- "I called Las Vegas and asked to speak to Rick Moonen," Bruce Buschel
is saying, sitting somewhat haphazardly in a chair at Southfork Kitchen, his new, wood-infused restaurant scheduled to make its official opening debut this Saturday. "He actually came to the phone; I just asked if he had any chefs he could spare or recommend. He gave me Joe."
Chef Joe Isidori of Southfork Kitchen. (Susan Meisel)
And "Joe," for the uninitiated, is Chef Joe Isidori
, most recently the chef at Harbour in New York's SoHo and before that the ersatz major domo of all things culinary for Donald Trump
. Awarded a scholarship to the Culinary Institute of America in Hyde
Park, NY, at 21, Isidori was hired as chef de cuisine by the Nemo Restaurant Group in Miami, FL almost as fast as he could remove his cap and gown upon graduation. Three years later Trump hired him as chef for the real estate mogul's golf clubs in New York, New Jersey and Palm Beach. A year after that he was promoted to vice president of food and beverages for Trump's hotels and society events.
So much for Isidori's relatively short, but impressive resume. It is at Southfork Kitchen where the young chef has a license to truly flex his creative muscles, encouraged and enabled by first time restaurateur Buschel, who's relaxed yet focused ideas and approach to opening a fine dining establishment in the Hamptons - copiously documented in his New York Times
blog, "You're The Boss," is, arguably, at once fresh and slightly reckless. To wit: "I hired Joe without ever tasting anything he cooked," admits Buschel.
Southfork Kitchen's Summer Fluke Crudo.
But no matter. Buschel is savvy enough to recognize major talent when he speaks to it, and he hired Isidori on instinct and a gut feeling that he and the young chef could be of one mind in finalizing the Southfork Kitchen's culinary concept, which leans decidedly seaward for the most part. And based on the inventive dishes that came from Isidori's brand new kitchen on Wednesday evening, Buschel is batting a thousand on his instincts for spotting rare gems in a sea of mediocrity.
Here's how Wednesday evening's preview dinner "for family and friends," went, courtesy of Buschel's largess: First came an amuse bouche of fresh lobster salad formed into a round the size of a small hockey puck. Bright, citrusy, sweet and clean, the texture of this tasty tango was given an element of surprise with crispy mini croutons in the mix. Brilliant.
Next up as an appetizer was a thick wedge of Hudson Valley Pork Belly, slightly crisped on top, with melt-in-your-mouth, succulent pork below, served with a Kimchi flavored diced watermelon and cucumber salad. The Southfork Kitchen Clam Chowder was a dark, spicy potage inhabited by soy-cured bacon, garden vegetables and perfectly poached local clams. In between courses a fresh garden salad "for the table" was served - an interesting amalgam of chunky tomatoes, diced beets, roasted fennel and cucumbers in a wooden bowl swimming in a creamy dressing of Evan's buttermilk and Ewe's blue cheese that you tossed yourself then poured into separate bowls of Amber Waves lettuces. A bit tricky, and not a little awkward, but a decidedly novel way to serve salad.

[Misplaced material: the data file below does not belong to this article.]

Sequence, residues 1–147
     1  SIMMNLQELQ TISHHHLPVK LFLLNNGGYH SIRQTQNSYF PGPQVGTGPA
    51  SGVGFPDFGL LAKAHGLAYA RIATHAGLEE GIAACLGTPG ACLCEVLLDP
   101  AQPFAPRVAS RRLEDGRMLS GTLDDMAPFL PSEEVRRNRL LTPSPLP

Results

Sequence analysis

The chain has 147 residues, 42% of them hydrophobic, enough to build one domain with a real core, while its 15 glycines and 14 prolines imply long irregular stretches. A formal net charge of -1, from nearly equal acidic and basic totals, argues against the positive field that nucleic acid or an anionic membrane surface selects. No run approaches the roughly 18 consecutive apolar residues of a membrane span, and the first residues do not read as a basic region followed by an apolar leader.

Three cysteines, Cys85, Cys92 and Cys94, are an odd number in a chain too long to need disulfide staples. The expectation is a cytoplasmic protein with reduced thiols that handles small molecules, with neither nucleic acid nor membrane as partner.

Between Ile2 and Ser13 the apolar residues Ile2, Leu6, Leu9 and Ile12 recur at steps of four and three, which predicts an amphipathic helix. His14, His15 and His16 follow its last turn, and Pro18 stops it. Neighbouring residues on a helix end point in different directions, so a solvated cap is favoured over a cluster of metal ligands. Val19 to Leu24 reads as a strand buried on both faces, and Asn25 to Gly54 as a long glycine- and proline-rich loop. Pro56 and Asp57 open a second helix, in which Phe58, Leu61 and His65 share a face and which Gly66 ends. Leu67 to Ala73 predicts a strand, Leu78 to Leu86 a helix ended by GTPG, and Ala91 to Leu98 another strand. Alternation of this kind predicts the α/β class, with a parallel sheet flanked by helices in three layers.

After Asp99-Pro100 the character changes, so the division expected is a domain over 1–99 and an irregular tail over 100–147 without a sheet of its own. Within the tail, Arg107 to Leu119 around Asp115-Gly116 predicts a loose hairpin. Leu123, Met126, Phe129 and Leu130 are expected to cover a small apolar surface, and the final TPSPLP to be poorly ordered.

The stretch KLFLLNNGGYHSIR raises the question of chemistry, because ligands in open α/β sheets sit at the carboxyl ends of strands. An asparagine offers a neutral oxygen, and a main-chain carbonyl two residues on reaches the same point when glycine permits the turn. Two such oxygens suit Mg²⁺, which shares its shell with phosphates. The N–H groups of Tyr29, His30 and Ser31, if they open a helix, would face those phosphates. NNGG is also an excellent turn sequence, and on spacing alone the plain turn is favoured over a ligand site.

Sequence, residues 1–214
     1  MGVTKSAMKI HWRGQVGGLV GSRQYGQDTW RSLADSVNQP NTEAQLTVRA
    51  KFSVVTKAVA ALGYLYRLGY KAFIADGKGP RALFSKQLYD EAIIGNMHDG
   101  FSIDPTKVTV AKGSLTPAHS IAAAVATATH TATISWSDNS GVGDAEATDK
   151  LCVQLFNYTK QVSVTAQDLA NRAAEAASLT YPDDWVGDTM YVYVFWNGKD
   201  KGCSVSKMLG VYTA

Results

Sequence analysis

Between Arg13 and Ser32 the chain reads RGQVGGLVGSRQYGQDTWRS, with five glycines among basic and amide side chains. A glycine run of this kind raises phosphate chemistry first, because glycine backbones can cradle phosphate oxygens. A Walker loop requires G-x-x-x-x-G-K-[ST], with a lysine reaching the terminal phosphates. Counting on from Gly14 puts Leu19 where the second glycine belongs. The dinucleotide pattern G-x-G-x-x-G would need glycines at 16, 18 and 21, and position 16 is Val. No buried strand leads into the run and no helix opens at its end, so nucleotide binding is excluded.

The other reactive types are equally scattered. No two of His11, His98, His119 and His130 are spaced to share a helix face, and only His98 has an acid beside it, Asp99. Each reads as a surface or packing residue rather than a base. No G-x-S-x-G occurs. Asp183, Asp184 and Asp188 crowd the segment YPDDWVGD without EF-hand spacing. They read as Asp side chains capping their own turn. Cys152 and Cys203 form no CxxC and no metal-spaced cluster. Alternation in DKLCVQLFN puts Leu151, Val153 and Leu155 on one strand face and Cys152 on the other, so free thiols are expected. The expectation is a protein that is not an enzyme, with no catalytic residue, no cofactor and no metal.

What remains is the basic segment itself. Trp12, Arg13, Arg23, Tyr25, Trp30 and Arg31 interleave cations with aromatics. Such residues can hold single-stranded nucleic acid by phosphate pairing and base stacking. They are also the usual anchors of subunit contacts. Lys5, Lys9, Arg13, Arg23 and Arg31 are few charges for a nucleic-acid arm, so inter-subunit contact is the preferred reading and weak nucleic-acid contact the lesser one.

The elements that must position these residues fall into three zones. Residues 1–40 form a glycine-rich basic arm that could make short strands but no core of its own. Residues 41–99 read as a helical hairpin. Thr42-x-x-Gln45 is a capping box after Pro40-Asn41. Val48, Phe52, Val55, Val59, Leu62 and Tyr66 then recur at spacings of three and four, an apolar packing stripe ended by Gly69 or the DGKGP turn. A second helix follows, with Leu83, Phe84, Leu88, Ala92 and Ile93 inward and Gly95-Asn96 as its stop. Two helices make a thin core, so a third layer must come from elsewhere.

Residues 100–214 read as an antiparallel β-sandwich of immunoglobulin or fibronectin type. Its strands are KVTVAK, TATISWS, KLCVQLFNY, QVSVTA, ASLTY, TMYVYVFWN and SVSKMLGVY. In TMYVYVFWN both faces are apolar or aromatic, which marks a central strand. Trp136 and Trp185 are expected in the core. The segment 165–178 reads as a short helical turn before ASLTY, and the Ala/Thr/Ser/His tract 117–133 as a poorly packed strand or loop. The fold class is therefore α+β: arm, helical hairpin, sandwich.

As for entrees, a gorgeously seared fresh slab of Arctic Char sat in a flavor pronounced white miso and tomato "fondue," book-ended by two white balls of poached baby turnips. It was, in short, spectacular.
PEI Mussels Kimchi with cabbage and bacon.
Equally impressive were the Point Pleasant Scallops, nicely seared and sweet, bathed in a North Fork cauliflower foam kicked up with golden raisins and laced with vadouvon - an obscure Indian spice mixture that can include any combination of curry leaves, fenugreek, mustard seeds, garlic and sometimes cumin.
For dessert, tender green figs and tasty Italian prune plums co-mingled in a pool of local sheep's milk yogurt dotted with almond
crumble and Thai basil leaves. More than a little unusual and not something I would normally order but enjoyed nonetheless.
Buschel chose to pour Long Island wines exclusively, though the eventual wine list, he says, will be inclusive of wines from all over, with a heavy emphasis on Long Island producers. Last night, Paumanok's 2008 Sauvignon Blanc, a zesty quaffer with hints of grapefruit and lemon zest, was poured from a tap at the cedar top bar, while 2007 Pinot Noir from Castello di Borghese
was an excellent choice for a local red wine that pairs particularly well with seafood.
With the faint aroma of new cedar permeating the air, the interior of Southfork Kitchen resembles that of an urban modernist's vision of a country barn. The décor is spare and tasteful, mostly masculine in style yet comfortable and inviting. A wood-burning fireplace is built into one of the walls, which will be lit during the colder months.
There is still much work to be done before Buschel's and Isidori's vision of Southfork Kitchen is fully realized (the wait service was a bit awkward and ill-informed of the wines and many of the imaginative dishes' ingredients, but it was, in fairness, a first night run-through). But from the glimpse of this new and iconoclastic restaurant I was privy to this week, expect a bright new culinary star to shine brightly on the East End come this weekend.
Southfork Kitchen is located at 200 Sag Harbor Turnpike in Bridgehampton, 631-537-4700.